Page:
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Hitomezashi Sashiko Stitching

Hitomezashi stitching is a type of sashiko stitching.  Both are made up of small straight stitches and both are used for mending and patching fabrics. Well, were used...now we use them for embellishment stitching as well.
So what makes it Hitomezashi rather than simple sashiko?  The designs are made up of dense stitches
arranged to build a pattern, while a the same time adding extra strength to the fabric(s) they are stitched on. Where simple sashiko designs make large overall designs on the fabric, Hitomezashi designs built small denser designs that look rather like weaving patterns.
Although these designs can look challenging, they share the same simplicity as all sashiko designs. They are made up of stitching straight lines and the pattern emerges from them as you go along.
The easiest way to learn Hitomezashi stitching is to  buy a pre-printed ready to stitch sampler. 
The ones we sell are made by Olympus. They make a 12" bock, which is enough to cut up and sew into a small project, and they come with additional fabric which you fold under the printed half so that you are stitching through two layers.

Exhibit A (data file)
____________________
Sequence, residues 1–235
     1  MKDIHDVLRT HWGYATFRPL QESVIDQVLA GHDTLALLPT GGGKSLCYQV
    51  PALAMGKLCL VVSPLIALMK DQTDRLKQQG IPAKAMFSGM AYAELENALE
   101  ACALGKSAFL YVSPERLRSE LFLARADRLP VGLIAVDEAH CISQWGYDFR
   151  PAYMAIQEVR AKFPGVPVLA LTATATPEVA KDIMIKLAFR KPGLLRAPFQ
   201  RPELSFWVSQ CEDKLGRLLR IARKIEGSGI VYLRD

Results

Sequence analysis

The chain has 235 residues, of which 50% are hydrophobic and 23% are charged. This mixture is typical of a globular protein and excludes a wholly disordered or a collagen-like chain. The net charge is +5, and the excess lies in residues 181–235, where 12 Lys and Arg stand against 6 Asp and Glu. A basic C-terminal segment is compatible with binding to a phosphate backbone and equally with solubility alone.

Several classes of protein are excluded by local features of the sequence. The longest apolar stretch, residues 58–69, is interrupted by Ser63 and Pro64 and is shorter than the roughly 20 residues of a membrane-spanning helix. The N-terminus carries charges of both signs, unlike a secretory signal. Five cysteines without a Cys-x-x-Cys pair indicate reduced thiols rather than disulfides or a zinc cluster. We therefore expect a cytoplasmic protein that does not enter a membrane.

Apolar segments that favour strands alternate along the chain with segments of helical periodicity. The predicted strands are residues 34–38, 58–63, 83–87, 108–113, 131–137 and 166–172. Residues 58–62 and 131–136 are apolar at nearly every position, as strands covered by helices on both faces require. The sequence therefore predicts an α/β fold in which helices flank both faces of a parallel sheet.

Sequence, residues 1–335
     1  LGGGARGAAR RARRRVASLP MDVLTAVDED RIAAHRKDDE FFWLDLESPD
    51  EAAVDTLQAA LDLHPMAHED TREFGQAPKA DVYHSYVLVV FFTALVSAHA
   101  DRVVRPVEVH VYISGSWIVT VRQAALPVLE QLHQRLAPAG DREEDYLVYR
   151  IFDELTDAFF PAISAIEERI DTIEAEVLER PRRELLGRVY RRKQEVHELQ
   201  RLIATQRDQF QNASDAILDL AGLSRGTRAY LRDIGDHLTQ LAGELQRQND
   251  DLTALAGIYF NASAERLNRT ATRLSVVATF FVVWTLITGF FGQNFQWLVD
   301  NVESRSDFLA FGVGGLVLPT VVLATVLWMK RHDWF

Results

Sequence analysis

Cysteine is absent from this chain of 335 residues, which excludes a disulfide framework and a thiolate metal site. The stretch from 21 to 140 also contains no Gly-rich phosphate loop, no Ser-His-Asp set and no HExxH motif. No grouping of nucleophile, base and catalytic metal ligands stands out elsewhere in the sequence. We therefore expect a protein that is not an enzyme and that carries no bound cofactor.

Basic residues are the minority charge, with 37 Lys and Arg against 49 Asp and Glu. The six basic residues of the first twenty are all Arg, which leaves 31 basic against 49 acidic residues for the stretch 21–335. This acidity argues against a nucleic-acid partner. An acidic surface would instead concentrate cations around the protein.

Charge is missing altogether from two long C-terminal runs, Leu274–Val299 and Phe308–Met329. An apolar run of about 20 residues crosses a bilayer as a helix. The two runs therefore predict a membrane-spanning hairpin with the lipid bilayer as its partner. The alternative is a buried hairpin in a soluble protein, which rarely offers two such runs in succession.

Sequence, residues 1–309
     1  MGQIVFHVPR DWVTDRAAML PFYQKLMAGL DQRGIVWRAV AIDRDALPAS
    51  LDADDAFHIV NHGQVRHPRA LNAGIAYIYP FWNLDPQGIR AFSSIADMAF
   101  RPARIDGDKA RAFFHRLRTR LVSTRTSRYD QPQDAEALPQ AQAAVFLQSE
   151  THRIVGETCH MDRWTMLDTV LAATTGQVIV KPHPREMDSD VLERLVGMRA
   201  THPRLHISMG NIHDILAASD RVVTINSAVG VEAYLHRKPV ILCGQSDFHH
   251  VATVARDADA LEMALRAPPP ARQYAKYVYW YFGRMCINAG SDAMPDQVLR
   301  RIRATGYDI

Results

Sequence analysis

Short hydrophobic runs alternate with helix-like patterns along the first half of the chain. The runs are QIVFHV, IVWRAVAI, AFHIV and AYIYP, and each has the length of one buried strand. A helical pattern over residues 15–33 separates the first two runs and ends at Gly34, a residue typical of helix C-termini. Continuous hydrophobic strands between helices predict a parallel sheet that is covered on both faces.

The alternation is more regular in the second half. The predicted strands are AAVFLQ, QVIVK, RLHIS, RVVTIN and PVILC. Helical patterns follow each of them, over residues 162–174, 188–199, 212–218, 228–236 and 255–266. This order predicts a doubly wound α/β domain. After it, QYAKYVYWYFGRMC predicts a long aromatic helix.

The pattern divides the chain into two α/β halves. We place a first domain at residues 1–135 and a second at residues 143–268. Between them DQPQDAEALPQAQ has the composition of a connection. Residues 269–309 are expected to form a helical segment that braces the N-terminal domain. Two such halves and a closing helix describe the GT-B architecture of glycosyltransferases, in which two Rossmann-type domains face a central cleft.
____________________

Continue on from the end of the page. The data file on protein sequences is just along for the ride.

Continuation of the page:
Here is what to do:
Begin at one side and stitch all the dashes in the row. I like to leave a 'tail' of thread at each end of the fabric and to use one thread for each row so I don't have any joins.
Stitch all the rows in one direction. Then stitch all the rows in another direction. (Rule of thumb - begin with the horizontal rows, then the vertical rows, then the diagonal rows)
That is all there is to it!
Remember not to pull your stitches tight, they need enough looseness to allow a little shrinkage when washed. With these Olympus pre-printed fabrics, the fabric will tighten up a little too, so that the whole thing will grow prettier with use and washing.
Below is a sample of a different design:
On some designs the back will be identical, on others you get a different design on the back. If you are careful with your stitching the back will be just as pretty as the front.

If you are not so careful you will get this sort of thing happening on the back! Which only matters if you think it does, or if you needed your piece to be double sided!
And a note:
Because I will be cutting these into pattern pieces to make small zip pouches, I am not concerned with the threads at the edges. In fact, part of my reason for leaving them with tails this long is so I can be sure there will be enough slack in the thread for shrinkage when I wash and dry them a couple times.  I'll do this before I cut them, to plump up the fabric and threads, and to tighten the stitching so it stays put while being cut and sewn.
Happy Stitching.
Talk to you again soon,

Susan Fletcher
Susan Fletcher


Owner A threaded Needle